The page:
“Buffalo Lockjaw” is the latest book by author Greg Ames. He grew up in Buffalo and currently lives in Brooklyn, New York. The book received many positive reviews and is said to provide a vivid sense of place. As it is set in the author’s hometown, that place would be Buffalo.
The book cover, which is very beautiful graphically, gives a good idea about how the author will be setting up that sense of place. It is composed of a roughly stenciled title centered over a pair of images that seamlessly blend into one image. It moves from a cold frothy beer at the bottom which morphs into a center band of pure white (white-out) to a typical Buffalo street covered in thick new blanket of snow. According to reviews “…love of one’s family and love of one’s hometown mix powerfully”. Could have fooled me!
The author describes “buffalo lockjaw” as a term used to describe the tightly clenched jaw of Buffalonians as they walk through the wind-wiped, snow-blinded streets. Oh really? I have never heard this term, but he makes it sound like a commonly used phrase, as if this condition of braving the cold is so ingrained in the Buffalo populace that it has spawned a slang term. As if Buffalo is the only cold snowy city. This and the cover tell you pretty much all you need to know about Ames’ treatment of Buffalo. I would not call it love.
The book is an interesting telling of a son’s thoughts on facing the terminal illness and eventual death of his mother at a relatively young age. If you have seen the movie “The Savages,” that was recently filmed in Buffalo, you have basically seen the movie version of this book with a few variations in character. It is easy to use Buffalo for this plot because it is pretty much universally known as faded, forgotten old place that fits its stereo type well in the national psyche.
Ames could not resist using the “snow card” in every situation with the slightest opening to pound home the point that Buffalo is cold and snowy. I understand what he is doing–placing death and aging in a cold winter-wrapped place. But, after being beaten over the head with how cold, snowy, and decayed Buffalo is, chapter after chapter after chapter, the metaphor gets a bit tired. One extra bothersome example (from the first page of a chapter called “Merriment”) was this: “The decaying mansions on Delaware are imposing hulks, some unlit and unheated, sitting in the darkness three hundred feet from the curb, evidence of Buffalo’s Glorious past…” it goes on to describe Buffalo’s fall from grace. I rack my brain trying to think of any abandoned unheated mansions on Delaware. While a few of them could use some maintenance, I would hardly describe the street as a place of decay in general, quite the opposite actually.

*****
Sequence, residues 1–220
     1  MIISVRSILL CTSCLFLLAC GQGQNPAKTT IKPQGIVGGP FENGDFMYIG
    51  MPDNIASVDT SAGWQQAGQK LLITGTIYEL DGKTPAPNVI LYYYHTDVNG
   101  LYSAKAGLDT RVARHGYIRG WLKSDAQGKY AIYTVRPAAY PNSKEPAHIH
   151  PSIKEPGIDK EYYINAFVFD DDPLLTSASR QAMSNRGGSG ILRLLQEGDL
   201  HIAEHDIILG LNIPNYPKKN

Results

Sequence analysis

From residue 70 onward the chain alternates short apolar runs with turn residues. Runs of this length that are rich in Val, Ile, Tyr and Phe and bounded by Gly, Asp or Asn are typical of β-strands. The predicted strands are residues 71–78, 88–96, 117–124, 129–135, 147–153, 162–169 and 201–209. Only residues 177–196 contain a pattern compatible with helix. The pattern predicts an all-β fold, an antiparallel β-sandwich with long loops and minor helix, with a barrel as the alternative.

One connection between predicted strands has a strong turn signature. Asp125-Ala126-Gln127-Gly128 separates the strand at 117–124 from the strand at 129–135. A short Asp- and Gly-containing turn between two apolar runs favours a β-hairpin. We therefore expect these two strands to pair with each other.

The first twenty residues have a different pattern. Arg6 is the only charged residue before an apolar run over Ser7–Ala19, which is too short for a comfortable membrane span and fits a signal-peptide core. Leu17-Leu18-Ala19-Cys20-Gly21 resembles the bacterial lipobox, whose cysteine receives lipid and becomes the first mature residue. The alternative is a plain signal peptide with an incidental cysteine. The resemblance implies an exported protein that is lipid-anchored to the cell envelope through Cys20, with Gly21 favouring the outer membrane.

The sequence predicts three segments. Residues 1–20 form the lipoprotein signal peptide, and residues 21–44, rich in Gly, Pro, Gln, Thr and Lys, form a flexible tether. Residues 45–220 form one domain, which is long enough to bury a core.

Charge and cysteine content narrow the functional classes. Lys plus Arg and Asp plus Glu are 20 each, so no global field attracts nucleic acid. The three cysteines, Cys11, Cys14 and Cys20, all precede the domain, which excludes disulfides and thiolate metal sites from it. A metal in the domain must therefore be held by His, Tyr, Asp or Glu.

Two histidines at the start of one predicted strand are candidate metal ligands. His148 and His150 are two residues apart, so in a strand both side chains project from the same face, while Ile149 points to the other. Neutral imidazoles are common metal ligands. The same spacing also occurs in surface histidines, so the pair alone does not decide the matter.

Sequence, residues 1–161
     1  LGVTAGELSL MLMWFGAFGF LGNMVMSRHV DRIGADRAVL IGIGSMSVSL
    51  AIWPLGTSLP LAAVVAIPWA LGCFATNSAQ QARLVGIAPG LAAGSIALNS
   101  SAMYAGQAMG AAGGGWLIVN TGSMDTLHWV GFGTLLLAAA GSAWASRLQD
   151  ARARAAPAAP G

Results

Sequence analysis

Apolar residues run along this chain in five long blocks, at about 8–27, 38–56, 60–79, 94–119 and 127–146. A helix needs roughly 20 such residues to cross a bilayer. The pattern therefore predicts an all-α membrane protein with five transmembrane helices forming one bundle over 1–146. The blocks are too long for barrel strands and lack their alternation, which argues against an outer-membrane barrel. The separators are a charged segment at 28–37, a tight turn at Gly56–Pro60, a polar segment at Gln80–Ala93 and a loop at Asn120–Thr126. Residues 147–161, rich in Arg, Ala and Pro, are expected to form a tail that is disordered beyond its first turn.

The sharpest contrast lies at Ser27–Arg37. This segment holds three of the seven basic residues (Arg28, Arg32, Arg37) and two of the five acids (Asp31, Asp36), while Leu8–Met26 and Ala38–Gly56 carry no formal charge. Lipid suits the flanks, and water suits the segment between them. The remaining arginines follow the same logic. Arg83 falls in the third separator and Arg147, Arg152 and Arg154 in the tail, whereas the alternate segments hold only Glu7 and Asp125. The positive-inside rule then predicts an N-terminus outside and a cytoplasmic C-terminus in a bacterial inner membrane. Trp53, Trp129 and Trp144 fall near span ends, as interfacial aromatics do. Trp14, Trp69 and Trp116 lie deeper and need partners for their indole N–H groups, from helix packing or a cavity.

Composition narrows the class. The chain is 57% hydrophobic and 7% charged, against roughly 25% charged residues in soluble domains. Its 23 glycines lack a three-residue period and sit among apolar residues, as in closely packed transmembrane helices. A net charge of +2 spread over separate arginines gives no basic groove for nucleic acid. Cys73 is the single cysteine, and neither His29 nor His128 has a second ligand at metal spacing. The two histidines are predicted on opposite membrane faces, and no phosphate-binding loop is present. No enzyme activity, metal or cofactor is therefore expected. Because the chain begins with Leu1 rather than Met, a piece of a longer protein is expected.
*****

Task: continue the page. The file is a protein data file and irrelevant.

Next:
Sure, fiction authors need to take artistic license to make the story flow. Unfortunately for Buffalo, that means exaggerations that feed the general stereotype of a dead city with no future. Delaware Avenue is an amazing street–not just by Buffalo standards, but also by national standards. This kind of artistic license hardly fits with the author’s supposed love of hometown and does no favors to Buffalo.
To pile on, all the local characters in the book are either old, brainless partiers, somewhat dim-witted, or possibly mentally unstable artists. Apparently sophisticated, normal, highly educated, and highly motivated people need not apply for a life in Buffalo. I have never been an apologist for Buffalo’s weather and, as a matter of fact, I cheer on the much overdue winter festival this year. But this book just stuck in my craw; it deals with family tragedy and the finite nature of life in an interesting way, but gives Buffalo a good punch in the face along the way. So check it out if you dare. It is a quick read. It won’t waste too much of your time.
Next up for me is “Buffalo Gal” by another Buffalo expat named Laura Pederson. The first chapter is called “God’s Frozen People” and the cover is–you guessed it–a winter scene. Ugh! My brain hurts already.